This guide briefly discusses issues related to a traffic infractions and tickets. Most references are to materials for Washington State. Visit either of the following web sites for definitions of the terms used here:
Traffic Violations Defined
Traffic violations fall into two categories, traffic infractions and criminal traffic offenses. Traffic infractions are "non-criminal offense[s] for which imprisonment may not be imposed as a sanction." (RCW 46.63.060.) They can be issued by a variety of officials including city police officers, sheriffs, prosecutors and Washington State Patrol officers. Receiving a traffic infraction may affect your insurance rates and your privilege to drive. Criminal traffic offenses, which carry the possibility of imprisonment, are defined at RCW 46.63.020. They include, among others, driving under the influence, reckless or negligent driving, and vehicular assault. If an offense is not listed at RCW 46.63.020, it is a traffic infraction.
Where to Start
The ticket is your best source of initial information. It will include the specific traffic infraction noted, how much the ticket will cost you, your options for responding to the ticket, and any time deadlines by which you must act. (RCW 46.63.060.) Generally, once you have received a ticket, your options are to pay the fine, challenge the ticket, or request a Mitigation Hearing.
If You Choose to Pay
If you decide to pay the infraction, follow the instructions provided on the ticket itself. Many courts allow you to pay infractions online with a credit card but may charge a processing fee for that convenience. King County District Court notes that there may be a lag between the time you receive your citation and the time it appears in the court's payment database. Payment of the ticket is an acknowledgment of the infraction and may affect your insurance rates and your privilege to drive in Washington State. For more information about the consequences of traffic infractions, see the Nolo Press Traffic School web page.
If You Choose Not to Pay
If you decide to challenge the ticket or to request a Mitigation Hearing, you should review the official procedures, the traffic laws, and relevant case law. The procedures for challenging a ticket are governed by the Infraction Rules for Courts of Limited Jurisdiction (IRLJ). The IRLJ can be found in the Washington Court Rules, kept at the reference desk and on the Web.
Traffic laws may be made at the state, county, or local level. Your ticket should indicate the specific traffic code under which you have been charged. Washington State's "Rules of the Road" are found in RCW chapter 46.61. King County's "Traffic Code" is found in King County Code Title 46. King County's Infraction Instructions are located at the King County District Court web site. Seattle's "Traffic Code" is found in Seattle Municipal Code Title 11. If you are charged in another jurisdiction, you can use this web site from AOC to learn if the District Court you are dealing with has traffic infraction information available. You will need specific information from your ticket so do not discard it or misplace it.
Finding cases similar to your own will help you determine how a court might rule in your case. You can find relevant case law by using digests or annotated statutes, or through the secondary sources listed below. Ask at the desk for a guide to locating case law. Remember, most traffic infraction cases are not appealed, so you will not find many cases.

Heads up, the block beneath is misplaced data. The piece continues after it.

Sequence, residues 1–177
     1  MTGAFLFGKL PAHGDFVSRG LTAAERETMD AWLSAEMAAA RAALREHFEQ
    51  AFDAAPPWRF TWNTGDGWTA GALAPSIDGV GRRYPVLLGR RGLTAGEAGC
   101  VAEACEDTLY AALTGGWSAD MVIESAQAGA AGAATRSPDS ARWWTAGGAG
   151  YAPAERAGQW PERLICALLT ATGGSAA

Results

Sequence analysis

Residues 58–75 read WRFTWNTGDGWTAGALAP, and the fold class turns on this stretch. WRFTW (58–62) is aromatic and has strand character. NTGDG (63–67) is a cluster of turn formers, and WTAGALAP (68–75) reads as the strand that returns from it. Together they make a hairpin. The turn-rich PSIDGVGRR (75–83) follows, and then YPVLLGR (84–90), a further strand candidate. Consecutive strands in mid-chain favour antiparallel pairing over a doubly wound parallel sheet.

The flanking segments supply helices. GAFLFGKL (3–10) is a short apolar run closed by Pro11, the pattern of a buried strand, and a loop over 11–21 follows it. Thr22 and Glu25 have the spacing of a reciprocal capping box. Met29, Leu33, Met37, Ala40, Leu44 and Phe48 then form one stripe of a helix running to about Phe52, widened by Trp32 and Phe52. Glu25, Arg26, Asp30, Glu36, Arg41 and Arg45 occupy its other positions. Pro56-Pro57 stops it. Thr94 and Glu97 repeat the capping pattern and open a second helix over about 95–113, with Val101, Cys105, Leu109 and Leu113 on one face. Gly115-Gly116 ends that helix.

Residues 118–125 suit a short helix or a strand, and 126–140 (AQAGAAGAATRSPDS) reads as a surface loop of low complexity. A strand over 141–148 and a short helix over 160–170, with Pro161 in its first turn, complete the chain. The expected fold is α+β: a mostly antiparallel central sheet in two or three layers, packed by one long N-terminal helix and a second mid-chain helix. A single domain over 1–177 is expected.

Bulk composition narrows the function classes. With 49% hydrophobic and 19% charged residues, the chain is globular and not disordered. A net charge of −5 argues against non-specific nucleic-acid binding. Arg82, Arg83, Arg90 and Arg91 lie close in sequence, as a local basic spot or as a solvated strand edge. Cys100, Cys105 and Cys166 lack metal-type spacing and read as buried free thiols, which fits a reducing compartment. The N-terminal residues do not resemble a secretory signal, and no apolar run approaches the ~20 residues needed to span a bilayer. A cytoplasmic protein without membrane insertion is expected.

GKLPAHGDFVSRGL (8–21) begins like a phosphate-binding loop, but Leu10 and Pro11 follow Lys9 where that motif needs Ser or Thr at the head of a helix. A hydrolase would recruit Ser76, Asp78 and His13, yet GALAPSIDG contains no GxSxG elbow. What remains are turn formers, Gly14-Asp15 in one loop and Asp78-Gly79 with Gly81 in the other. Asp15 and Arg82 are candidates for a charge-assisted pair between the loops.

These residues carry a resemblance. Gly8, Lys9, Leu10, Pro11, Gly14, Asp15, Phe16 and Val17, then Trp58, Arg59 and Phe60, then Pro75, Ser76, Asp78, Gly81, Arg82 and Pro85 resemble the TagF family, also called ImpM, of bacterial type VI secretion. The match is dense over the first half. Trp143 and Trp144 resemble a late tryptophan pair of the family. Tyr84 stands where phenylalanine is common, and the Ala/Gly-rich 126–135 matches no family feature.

There are several good resources that discuss traffic infractions. All book titles can be found on the shelves in call number order, except for the last title, which is kept at the reference desk.
Traffic Tickets (Nolo.com Law Center materials) Nolo publishes a wide variety of self-help law books (including the "Beat Your Ticket" book below). The articles and questions on their web site may be of use.
Photo-Enforced Tickets in King County This portion of the King County District Court's web site specifically discusses infractions recorded by cameras monitoring intersections and roadways.
Beat Your Ticket: Go to Court and Win!, KF 2231.Z9 B76. This guide is a very useful overview of the procedures for challenging a ticket. It covers legal research, basic concepts, and the steps of challenging your ticket all the way to a jury trial. This is a general guide to be used in all 50 states, so you will also need to check Washington-specific material. Some of the chapters in this book is available for free online here.
The E-Z Legal Guide to Traffic Court, KF 2231.Z9 T43 1994. This is a useful guide if you choose to challenge your ticket. Written for the non-lawyer, it discusses rights, options, court procedure and protocol, and the basics for preparing for court. This practical guide is general enough to be used in all 50 states, so you should never use it alone. Always consult Washington specific materials as well.
Manual on Uniform Traffic Signals for Streets and Highways, KF 2234.A4 M4 2009. This volume contains the national standards for traffic control devises on public roads. Local codes must conform to the national standards detailed in this book. The entity with jurisdiction over the roadway is responsible for the selection, installation, operation, and maintenance of the devices. The local entity may establish its own codes, but they must conform to these national standards.
Washington Criminal Practice in Courts of Limited Jurisdiction, by Linda Portnoy, KF 9619 .P67. This two-volume set, written for lawyers, contains detailed discussions of all criminal and traffic matters that may come before a court of limited jurisdiction. Chapter 31 addresses traffic infractions and Chapter 35 covers speeding offenses and radar. The book has excellent footnotes to relevant cases and statutes.